But it is very clear for me when I look at conflicts and I also think that's why we are talking about this in a dialogue that is about conflicts, and that is when I look back over the more than 20 years of parenting I've had in my life. 

I've had in my life the periods where I have had a strong connection, where we, where I had ridden of having fun together with one of my children, or each of them on their own about something then we had a connection there. Then the overall connection was not as easy to break where. If there isn't this, if it just becomes a parent child relationship and you don't have something that is really cool and fun to do together, then I can see the connection break easier, and it's in both ways. It can be them thinking I'm a stupid dad and it can be me thinking they are an annoying brat or whatever. Yeah, so I think that one of the biggest hacks in in conflict resolution is see what you can do upfront to have a strong connection, have something to learn, because why should you fight with one? You? 

42:31 - Martin Cooke (Host)
love that's. That's gonna be fun for both of you. Yeah, yeah, I really like that. So there's got to be something about. Well, either it's a podcast or a list, a blog post on our website, all about fun things you can do right we should do that, but let's not make too many promises now. 

We started the podcast, goodness okay let's just keep this hush-hush, then no one heard that. No, yeah, but I think, as a sort of final thought on the topic of conflict, where I've got to in this discussion is this you know, perversely, do we kind of invite conflict when we're feeling less connected? I don't know if I'm clear yes or no on that, but it kind of doesn't matter. What I'm left with is this feeling of of like actually connection, connection, spending time thinking about the other person and yourself and that being the glue. The glue that that means when you do have conflict and and we haven't said it, I think conflict is okay, yeah, but when you do have conflict, that it doesn't shatter everything. It's this kind of flexible blue.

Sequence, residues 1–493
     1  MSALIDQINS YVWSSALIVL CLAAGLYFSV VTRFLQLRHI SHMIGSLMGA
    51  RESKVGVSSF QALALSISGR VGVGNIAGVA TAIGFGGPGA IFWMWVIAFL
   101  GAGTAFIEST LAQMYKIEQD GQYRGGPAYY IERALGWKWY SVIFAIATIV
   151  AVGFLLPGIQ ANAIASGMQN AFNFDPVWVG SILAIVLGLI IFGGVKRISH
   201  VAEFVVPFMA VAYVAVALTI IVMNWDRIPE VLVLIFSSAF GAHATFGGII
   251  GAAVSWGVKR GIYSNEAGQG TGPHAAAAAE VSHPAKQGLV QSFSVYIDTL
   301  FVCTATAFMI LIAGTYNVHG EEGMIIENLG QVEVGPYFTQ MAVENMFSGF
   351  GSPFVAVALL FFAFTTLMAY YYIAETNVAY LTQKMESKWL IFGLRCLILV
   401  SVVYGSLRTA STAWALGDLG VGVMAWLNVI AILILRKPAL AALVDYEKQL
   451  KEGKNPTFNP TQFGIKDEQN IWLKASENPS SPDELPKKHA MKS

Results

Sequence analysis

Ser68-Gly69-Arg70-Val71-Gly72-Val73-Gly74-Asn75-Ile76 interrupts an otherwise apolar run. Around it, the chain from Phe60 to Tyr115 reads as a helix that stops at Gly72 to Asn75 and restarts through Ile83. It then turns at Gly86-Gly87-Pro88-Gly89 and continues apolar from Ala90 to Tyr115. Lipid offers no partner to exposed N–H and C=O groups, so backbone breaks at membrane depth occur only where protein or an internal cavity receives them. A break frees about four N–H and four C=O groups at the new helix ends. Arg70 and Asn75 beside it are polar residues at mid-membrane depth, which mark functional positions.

43:48 - Jesper Conrad (Host)
Yeah, and there is with the podcast I have with my wife called self-directed with, if anybody wants to listen to that. Also, we interviewed a woman called summer Jean and she said something that has just stuck with me and I'm still working on how can I implement it better in my life. She said force and connection cannot coexist. So you cannot force people to something and, at the same point, demand that they have a strong loving connection to you. Force and connection do not coexist. You need a connection and and the connection needs to be strong and if you are connected, I would do things for you because I love you. I would help you with things because I love you. 

If you ask me of something, I know you are a reasonable human being, but it needs to come from the connection. So with the conflict resolution we are talking about, I also got triggered, actually, martin, about the do it sometimes seek conflicts because I am disconnected already and I want to be connected. That is an interesting one to to go and ponder on. I'm not sure I want to hear the answer because it's maybe a yes but that's the work, isn't it? 

45:20 - Martin Cooke (Host)
yeah, it's the horrible thing, you call this in remember, remember no, but. 

45:27 - Jesper Conrad (Host)
But it is really interesting to ask yourself where is the glue that binds me together? Where is it I have something third in common with my wife, of my children, where we do stuff together to do them together and not because we are married or I'm your dad. Where is it we do stuff that that strengthens our connection? Yeah, right, and should we should write a blog post about it and and see our thoughts more in depth about how people can work with this yeah, and I think there is something as well about the importance.